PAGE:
When we weren't doing that, we were doing things like building light switches. Which was stupid, in my opinion. Why should we have to figure it out when it's already been figured out? I seriously doubted that I'd ever be in a situation where someone was saying, "Quick, it's an emergency, put down those matches and build a light switch!"
It would have been almost impossible to pay attention to him even if anyone had tried.
Which, naturally, we didn't.
On days when we were behind the computers, we were either working on essays with useless topics or ignoring him to play games or browse the internet, while the more studious students did work for other (real) classes. Either way, none of us were doing what we were supposed to.
About halfway through the semester, he noticed that no one was paying attention to him, so he started making us turn off the computer screens when we weren't supposed to be doing something with them. All this did, however, was bore us into terrorizing him. We would raise our hands and ask deliberately stupid questions, and he would have to answer them, just in case one of them was for real.
Except, there was one day when Matt Churchill had asked, with a completely straight face, if there was really such thing as a "chick magnet." Mr. Ezhno had refused to answer, calling it a "ridiculous question."
But I'd seen the doubt flicker through his eyes as he wondered if Matt was serious.
As if the curriculum wasn't irritating enough, the class was first thing in the morning, making it positively impossible for me to ever get there on time. And once I did get there, I admittedly gave him kind of a hard time.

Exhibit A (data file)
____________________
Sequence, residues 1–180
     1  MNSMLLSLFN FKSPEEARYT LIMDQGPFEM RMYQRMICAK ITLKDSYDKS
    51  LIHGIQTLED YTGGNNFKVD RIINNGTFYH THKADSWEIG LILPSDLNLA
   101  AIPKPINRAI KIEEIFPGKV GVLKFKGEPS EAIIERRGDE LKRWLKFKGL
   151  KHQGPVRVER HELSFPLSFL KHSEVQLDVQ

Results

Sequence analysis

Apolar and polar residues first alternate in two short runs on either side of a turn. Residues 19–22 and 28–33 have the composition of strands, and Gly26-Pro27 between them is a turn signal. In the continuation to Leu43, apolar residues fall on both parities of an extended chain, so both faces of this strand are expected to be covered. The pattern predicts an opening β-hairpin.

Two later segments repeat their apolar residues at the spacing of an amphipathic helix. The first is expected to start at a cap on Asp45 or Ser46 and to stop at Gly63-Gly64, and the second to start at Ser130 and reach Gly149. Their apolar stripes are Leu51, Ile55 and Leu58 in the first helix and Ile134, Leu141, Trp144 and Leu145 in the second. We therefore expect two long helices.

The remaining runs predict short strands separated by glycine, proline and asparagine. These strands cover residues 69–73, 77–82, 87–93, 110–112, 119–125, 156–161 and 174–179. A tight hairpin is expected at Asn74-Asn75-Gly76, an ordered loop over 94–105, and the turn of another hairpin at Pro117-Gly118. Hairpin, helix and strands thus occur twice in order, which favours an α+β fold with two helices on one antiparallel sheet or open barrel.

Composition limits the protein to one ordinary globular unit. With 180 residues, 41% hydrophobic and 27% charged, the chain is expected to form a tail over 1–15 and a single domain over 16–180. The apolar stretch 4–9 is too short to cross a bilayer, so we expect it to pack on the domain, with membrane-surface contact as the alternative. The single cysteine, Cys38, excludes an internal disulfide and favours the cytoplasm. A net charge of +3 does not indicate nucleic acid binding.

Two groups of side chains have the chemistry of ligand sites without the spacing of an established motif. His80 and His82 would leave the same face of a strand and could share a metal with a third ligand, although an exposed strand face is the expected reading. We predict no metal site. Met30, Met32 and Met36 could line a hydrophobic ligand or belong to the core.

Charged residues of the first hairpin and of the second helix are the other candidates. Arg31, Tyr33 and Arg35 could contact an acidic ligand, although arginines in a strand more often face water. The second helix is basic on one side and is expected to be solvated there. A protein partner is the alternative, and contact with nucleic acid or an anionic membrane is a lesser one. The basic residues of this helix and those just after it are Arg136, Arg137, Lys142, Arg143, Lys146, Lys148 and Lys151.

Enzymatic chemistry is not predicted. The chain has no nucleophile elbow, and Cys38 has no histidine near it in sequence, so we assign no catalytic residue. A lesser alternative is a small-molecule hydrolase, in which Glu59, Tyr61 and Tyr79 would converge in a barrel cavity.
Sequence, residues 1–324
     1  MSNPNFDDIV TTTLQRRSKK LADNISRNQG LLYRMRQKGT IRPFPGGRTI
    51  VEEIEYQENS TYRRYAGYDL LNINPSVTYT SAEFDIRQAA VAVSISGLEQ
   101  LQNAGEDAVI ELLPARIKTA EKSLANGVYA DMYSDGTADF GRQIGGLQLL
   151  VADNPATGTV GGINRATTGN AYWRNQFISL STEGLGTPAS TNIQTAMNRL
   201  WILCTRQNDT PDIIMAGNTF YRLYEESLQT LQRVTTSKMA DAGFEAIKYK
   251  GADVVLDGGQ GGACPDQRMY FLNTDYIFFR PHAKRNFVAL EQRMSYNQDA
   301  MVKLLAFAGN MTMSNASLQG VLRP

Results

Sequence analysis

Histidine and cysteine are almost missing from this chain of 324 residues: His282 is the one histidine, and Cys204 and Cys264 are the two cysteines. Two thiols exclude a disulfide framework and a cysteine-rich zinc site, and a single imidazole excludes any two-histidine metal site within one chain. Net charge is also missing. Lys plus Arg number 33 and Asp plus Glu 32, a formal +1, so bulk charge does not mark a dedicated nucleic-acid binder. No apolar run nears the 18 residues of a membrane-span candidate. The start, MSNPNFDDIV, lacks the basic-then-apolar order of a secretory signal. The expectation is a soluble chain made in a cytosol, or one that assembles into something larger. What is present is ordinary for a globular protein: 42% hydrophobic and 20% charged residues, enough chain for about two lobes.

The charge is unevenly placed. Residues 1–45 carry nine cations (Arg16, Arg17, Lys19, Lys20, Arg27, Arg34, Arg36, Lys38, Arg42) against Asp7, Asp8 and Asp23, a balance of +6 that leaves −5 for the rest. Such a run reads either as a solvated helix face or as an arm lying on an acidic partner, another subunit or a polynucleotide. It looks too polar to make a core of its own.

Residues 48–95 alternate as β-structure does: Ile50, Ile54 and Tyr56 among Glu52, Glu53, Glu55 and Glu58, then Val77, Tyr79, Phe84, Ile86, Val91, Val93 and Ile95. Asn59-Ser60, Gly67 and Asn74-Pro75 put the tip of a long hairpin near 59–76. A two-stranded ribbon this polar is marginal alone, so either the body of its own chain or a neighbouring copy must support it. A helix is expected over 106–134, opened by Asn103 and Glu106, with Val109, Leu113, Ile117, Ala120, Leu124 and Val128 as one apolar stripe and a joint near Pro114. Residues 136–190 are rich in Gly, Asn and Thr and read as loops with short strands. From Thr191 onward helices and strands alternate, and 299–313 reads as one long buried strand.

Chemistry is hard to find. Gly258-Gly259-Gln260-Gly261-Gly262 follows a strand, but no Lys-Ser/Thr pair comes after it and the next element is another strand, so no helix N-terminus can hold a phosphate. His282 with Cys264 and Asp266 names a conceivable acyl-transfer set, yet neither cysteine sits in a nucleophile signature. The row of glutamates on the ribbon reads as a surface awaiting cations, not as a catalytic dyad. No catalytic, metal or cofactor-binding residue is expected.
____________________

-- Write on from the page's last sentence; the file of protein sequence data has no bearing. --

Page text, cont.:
Every once in a while, a twinge of pity for the man stopped me in my tracks. Him, with his button-down shirts and pleated khakis, his office supplies, weekly boxes of new chalk and the stickers he put on papers with good grades (which, incidentally, I knew existed only from spotting them on other people's papers). He was the classic nerdy teacher. Seriously, if the makers of that movie Office Space had seen this guy, they would have given Milton and his stapler the boot and asked Mr. Ezhno to step in.
Often, however, I didn't stop. It usually started with me saying something double-sided that Mr. Ezhno couldn't respond to appropriately. He'd then send me to the main office, I'd get in-school suspension, my behavior wouldn't improve and then he'd have several parent-teacher meetings with Meredith.
I hated that.
She was not my parent, and my father never got involved in this stuff. Thank God.
Still, they would meet, get along and, as I imagined it, plot ways to make my life more frustrating. Luckily, the meetings had stopped somewhere along the way. At this point it was like he'd given up. Which worked for me. Honestly, I'd been about to ease up on him—I could tell I was pushing him too far, and the last thing I needed was to get in trouble. But that didn't seem to be an issue anymore.